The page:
Skip Navigation Archive: U.S. Department of Health and Human Services
Archive: Agency for Healthcare Research Quality
Archive print banner

This information is for reference purposes only. It was current when produced and may now be outdated. Archive material is no longer maintained, and some links may not work. Persons with disabilities having difficulty accessing this information should contact us at: Let us know the nature of the problem, the Web address of what you want, and your contact information.

Please go to for current information.

Highlights from AHCPR's March Research Activities

Media Advisory Date: April 4, 1997

The Agency for Health Care Policy and Research (AHCPR) works to improve the quality of health care, reduce costs, and broaden access to essential services. Here are some of the findings described in the most recent issue of AHCPR's Research Activities.

Women Are More Apt to Die Following Coronary Angioplasty Than Are Men

Women are more likely than men to die in the hospital following a coronary angioplasty despite the success of the procedure, according to a study funded by AHCPR. Although angioplasty was nearly 90 percent successful in opening blocked arteries for both men and women, women had a 1.6 times greater risk of dying compared with men. In addition, more women (5.3 percent) than men (4.5 percent) had to undergo bypass surgery or suffered a heart attack following angioplasty. Researchers from the Northern New England Cardiovascular Disease Study Group examined prospectively collected data on 12,232 patients undergoing angioplasty between 1989 and 1993. They found that women undergoing angioplasty tended to be older and were more likely to be hypertensive and diabetic. However, even after accounting for these factors, women's risk of death while hospitalized was still nearly twice as high as men.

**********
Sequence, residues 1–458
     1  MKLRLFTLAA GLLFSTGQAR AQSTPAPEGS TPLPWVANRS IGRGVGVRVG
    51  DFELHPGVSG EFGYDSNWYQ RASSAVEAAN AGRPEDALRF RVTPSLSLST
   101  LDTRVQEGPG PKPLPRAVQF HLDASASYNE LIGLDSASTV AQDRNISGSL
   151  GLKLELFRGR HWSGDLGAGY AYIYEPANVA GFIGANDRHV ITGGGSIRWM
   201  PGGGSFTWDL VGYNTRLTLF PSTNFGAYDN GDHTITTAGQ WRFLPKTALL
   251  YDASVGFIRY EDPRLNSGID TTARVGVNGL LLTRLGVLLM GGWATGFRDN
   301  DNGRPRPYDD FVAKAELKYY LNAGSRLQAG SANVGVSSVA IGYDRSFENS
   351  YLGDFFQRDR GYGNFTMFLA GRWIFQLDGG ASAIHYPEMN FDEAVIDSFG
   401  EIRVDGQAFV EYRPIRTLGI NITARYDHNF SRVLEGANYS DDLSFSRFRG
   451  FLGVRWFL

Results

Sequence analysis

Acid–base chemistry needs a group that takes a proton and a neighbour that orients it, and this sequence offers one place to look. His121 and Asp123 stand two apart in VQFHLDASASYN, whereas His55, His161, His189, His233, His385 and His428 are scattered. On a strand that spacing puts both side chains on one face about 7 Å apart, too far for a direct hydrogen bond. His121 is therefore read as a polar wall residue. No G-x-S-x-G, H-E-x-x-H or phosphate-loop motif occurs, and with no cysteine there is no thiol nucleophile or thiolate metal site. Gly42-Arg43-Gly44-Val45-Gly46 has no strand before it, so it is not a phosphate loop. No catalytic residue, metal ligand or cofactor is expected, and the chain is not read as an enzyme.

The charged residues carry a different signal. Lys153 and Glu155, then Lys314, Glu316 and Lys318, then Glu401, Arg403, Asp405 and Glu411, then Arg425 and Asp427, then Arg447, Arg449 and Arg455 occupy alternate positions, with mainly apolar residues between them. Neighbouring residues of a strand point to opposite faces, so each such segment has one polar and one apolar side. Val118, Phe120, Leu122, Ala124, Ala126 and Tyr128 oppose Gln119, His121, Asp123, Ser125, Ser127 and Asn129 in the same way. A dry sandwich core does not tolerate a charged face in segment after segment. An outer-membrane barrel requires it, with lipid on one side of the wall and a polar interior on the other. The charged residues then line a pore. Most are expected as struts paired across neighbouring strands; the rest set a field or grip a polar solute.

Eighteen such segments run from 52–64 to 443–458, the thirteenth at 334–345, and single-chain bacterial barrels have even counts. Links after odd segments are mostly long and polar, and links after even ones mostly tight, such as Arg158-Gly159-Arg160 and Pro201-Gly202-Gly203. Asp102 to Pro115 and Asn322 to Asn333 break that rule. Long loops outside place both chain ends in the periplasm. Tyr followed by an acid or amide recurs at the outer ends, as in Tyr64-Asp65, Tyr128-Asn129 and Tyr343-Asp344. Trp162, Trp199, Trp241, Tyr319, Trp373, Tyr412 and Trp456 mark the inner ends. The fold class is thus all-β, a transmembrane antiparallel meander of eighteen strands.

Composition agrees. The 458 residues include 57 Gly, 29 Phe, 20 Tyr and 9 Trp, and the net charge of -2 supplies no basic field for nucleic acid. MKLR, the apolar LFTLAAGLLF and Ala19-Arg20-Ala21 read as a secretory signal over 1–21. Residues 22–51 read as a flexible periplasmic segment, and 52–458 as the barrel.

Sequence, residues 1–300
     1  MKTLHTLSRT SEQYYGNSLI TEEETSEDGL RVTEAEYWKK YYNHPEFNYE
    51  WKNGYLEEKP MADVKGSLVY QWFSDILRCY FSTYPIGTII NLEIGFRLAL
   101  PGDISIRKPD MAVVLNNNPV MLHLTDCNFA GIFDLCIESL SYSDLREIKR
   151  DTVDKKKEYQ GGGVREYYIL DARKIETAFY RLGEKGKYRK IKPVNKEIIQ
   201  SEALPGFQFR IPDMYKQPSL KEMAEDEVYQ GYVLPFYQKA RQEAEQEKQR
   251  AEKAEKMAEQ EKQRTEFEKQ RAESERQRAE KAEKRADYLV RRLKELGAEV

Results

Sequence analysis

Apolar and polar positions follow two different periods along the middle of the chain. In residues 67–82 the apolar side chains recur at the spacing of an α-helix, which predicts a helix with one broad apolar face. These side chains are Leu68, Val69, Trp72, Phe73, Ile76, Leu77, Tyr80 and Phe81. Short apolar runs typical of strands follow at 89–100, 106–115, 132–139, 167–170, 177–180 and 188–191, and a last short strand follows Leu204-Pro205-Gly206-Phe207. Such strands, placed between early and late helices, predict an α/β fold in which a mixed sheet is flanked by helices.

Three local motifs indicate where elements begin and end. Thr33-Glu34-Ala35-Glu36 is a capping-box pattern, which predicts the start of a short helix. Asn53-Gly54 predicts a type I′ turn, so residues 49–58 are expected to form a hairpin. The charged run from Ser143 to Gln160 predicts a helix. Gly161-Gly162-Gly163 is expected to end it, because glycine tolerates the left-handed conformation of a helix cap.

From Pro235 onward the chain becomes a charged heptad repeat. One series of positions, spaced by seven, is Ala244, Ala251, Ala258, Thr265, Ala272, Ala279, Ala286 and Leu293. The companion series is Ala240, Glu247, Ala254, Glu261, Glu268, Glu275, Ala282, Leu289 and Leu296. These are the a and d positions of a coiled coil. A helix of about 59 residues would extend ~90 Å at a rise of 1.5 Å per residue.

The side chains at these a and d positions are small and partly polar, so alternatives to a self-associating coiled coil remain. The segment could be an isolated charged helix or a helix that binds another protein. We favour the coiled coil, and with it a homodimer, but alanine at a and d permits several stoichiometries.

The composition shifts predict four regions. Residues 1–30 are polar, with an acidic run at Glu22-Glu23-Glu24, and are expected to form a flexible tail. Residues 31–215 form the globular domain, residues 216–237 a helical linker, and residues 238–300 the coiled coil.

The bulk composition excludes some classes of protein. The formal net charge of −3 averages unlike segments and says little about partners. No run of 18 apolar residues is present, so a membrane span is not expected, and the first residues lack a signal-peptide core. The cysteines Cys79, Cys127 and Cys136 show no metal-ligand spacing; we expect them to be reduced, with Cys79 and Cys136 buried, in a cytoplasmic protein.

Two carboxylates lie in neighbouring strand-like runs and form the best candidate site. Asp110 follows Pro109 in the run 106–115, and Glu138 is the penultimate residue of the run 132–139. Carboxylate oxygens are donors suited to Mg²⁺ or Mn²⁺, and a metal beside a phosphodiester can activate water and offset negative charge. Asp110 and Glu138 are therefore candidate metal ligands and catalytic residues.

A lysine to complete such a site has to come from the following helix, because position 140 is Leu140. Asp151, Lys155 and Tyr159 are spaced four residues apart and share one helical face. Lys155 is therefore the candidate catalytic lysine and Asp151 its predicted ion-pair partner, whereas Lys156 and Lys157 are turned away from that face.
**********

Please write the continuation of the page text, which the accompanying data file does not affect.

["Differences in outcomes between women and men associated with percutaneous transluminal coronary angioplasty," by David J. Malenka, M.D., Gerald T. O'Connor, Ph.D., Hebe Quinton, M.S., and others, Circulation 94(Suppl. II), pp. 99-104]

Both Hospital and Market Factors Affect a Rural Hospital's Likelihood of Survival or Organizational Change